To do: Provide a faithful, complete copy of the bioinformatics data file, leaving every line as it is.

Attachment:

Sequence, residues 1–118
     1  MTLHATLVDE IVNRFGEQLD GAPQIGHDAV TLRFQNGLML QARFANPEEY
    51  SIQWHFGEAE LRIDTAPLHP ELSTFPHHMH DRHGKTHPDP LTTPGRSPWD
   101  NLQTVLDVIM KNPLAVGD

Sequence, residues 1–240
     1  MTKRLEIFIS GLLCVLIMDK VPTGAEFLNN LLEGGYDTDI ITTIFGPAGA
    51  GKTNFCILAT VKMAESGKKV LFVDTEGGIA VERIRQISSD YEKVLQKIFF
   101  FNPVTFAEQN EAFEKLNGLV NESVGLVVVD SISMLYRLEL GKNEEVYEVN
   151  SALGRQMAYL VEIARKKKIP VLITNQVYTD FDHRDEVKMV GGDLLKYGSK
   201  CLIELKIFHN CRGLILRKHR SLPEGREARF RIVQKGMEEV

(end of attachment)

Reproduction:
Sequence, residues 1–118
     1  MTLHATLVDE IVNRFGEQLD GAPQIGHDAV TLRFQNGLML QARFANPEEY
    51  SIQWHFGEAE LRIDTAPLHP ELSTFPHHMH DRHGKTHPDP LTTPGRSPWD
   101  NLQTVLDVIM KNPLAVGD

Sequence, residues 1–240
     1  MTKRLEIFIS GLLCVLIMDK VPTGAEFLNN LLEGGYDTDI ITTIFGPAGA
    51  GKTNFCILAT VKMAESGKKV LFVDTEGGIA VERIRQISSD YEKVLQKIFF
   101  FNPVTFAEQN EAFEKLNGLV NESVGLVVVD SISMLYRLEL GKNEEVYEVN
   151  SALGRQMAYL VEIARKKKIP VLITNQVYTD FDHRDEVKMV GGDLLKYGSK
   201  CLIELKIFHN CRGLILRKHR SLPEGREARF RIVQKGMEEV